In its ruling, the trial court also did not mention K.S.A. 60–421 but simply stated to Armstead's attorney, “Your client took the stand. He's subject to cross-examination and he's entitled to be tested for truth and veracity.” We understand the trial court's ruling as stating that whenever a criminal defendant takes the witness stand he or she may be impeached with evidence of prior crimes of dishonesty or false statement. But Armstead challenges the trial court's legal formulation as an inaccurate statement of Kansas law.
A criminal defendant must have the right to deny the charges against him without fearing that such testimony will authorize the State to parade his history of past misconduct before the jury. Consequently, a criminal defendant does not place his credibility in issue, under K.S.A. 60–421, by merely taking the witness stand. We agree with Armstead that the trial court's stated reason during trial for admitting the prior crimes evidence was at variance with K.S.A. 60–421.During cross-examination, Mr. Armstead said a police officer lied. The state claimed that this put Mr. Armstead's credibility at issue. The COA disagreed:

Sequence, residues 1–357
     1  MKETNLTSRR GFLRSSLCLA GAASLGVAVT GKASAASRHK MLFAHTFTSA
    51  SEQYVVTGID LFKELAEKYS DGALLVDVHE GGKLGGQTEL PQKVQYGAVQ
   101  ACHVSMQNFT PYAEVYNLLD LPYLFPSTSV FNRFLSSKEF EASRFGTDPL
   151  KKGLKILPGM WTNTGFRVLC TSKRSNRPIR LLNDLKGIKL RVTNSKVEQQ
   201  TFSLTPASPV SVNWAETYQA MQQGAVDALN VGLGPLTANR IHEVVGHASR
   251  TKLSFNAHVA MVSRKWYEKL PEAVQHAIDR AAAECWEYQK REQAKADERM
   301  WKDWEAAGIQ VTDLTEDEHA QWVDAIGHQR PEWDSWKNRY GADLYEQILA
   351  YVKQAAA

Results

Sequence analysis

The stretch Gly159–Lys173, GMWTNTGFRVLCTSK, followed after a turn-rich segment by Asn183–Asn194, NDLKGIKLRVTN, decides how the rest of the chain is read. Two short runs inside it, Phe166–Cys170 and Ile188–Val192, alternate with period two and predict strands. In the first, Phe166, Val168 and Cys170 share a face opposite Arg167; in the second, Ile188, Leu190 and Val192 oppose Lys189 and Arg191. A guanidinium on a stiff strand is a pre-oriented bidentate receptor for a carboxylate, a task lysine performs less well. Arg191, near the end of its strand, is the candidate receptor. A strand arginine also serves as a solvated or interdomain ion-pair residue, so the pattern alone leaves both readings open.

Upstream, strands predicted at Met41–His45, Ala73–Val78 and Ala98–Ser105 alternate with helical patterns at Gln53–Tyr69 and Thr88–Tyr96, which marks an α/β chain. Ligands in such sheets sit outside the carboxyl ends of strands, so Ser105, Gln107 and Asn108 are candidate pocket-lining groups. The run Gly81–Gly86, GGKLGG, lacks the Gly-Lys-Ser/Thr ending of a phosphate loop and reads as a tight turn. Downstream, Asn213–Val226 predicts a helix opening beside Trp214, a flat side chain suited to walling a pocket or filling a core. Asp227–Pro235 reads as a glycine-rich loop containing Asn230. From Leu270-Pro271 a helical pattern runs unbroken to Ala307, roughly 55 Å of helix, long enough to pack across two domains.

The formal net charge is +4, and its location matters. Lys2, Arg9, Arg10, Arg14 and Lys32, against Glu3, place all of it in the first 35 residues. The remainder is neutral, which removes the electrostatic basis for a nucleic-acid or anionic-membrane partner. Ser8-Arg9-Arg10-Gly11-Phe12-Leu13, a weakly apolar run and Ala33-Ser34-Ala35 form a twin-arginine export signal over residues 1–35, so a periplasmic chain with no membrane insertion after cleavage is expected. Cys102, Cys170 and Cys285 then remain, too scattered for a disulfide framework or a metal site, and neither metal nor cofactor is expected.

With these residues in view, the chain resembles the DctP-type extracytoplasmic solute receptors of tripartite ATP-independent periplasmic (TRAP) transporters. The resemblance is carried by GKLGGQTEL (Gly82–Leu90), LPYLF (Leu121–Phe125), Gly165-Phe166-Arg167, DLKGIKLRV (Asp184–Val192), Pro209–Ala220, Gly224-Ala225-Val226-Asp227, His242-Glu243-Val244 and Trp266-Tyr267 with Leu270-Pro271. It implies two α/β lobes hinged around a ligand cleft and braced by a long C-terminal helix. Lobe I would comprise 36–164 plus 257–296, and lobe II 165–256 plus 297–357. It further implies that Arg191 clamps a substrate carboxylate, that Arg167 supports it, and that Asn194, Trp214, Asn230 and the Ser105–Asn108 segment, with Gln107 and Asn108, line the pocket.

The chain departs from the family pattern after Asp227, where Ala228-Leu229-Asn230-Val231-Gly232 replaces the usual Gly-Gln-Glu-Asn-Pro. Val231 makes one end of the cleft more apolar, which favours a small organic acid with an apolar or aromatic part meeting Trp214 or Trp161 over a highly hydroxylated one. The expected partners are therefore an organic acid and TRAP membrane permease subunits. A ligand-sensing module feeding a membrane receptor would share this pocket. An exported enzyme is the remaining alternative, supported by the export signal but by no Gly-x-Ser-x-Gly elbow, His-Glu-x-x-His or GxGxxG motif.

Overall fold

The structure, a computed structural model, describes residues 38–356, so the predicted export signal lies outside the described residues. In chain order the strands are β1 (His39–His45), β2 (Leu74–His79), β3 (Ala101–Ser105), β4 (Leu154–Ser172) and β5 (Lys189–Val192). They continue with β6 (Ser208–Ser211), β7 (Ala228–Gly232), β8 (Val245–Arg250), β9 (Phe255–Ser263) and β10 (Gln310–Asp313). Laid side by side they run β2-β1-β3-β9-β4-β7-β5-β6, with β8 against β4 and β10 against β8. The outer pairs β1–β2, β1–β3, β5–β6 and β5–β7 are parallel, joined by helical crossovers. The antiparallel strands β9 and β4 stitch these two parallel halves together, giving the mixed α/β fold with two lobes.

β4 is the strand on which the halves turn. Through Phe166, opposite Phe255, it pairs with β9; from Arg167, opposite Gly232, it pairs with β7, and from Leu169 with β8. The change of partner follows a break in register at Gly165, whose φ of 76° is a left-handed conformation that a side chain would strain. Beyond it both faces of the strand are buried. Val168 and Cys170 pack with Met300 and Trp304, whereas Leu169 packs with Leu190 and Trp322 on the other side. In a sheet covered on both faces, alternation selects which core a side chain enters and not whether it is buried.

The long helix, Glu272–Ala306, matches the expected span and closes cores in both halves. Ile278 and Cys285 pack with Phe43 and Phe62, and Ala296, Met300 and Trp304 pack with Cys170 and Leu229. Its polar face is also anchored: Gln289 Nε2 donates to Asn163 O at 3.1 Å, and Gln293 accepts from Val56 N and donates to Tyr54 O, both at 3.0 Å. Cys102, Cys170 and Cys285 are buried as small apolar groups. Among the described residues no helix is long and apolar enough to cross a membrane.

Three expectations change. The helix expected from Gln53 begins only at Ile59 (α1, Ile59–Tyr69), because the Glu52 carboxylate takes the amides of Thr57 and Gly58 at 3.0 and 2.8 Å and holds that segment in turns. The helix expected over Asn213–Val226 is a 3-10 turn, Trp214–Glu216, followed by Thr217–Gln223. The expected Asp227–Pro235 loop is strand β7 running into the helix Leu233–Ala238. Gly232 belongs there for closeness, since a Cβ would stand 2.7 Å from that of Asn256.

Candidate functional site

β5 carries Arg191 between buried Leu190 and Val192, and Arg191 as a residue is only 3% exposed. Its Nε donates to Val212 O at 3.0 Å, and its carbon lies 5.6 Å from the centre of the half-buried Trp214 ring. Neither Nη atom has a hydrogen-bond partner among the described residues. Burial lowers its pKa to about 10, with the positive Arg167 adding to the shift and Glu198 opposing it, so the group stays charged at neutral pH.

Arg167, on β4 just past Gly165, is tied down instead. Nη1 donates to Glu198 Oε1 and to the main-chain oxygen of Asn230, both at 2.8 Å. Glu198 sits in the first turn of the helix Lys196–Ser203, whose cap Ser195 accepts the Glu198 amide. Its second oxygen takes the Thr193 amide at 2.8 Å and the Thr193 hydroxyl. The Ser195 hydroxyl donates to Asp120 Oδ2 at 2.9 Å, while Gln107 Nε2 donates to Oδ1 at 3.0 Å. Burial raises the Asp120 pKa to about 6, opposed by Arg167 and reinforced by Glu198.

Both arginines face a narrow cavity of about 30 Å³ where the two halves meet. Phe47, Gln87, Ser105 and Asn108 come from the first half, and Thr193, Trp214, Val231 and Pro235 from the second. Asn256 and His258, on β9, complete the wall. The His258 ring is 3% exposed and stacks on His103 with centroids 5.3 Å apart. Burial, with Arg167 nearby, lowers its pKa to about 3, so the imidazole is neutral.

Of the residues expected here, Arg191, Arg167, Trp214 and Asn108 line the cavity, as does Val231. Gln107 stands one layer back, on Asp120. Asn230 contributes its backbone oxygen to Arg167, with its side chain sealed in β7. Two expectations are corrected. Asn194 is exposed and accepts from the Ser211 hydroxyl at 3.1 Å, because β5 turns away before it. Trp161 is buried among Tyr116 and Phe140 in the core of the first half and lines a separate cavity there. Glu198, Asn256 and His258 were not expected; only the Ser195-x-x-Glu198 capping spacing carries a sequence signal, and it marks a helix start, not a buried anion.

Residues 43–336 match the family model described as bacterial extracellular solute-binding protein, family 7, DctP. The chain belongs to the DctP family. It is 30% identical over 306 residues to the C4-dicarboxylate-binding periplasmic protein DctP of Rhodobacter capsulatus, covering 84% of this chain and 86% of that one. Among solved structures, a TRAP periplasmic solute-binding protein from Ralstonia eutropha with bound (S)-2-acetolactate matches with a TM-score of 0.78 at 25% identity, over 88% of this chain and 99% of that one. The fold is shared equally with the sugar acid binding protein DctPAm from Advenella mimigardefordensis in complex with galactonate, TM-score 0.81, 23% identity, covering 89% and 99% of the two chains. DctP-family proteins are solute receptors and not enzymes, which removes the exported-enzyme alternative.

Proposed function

We question the validity of the State's argument. While Armstead accused the officer of lying, he did not refer to, let alone bolster, his own credibility. Moreover, the State's claim that Armstead's use of an alibi defense necessarily placed his credibility in issue is without merit.The COA further found that the error was not harmless and, therefore, reversed and remanded for a new trial.
[Update: the state did not file a PR and the mandate issue on April 24, 2014.]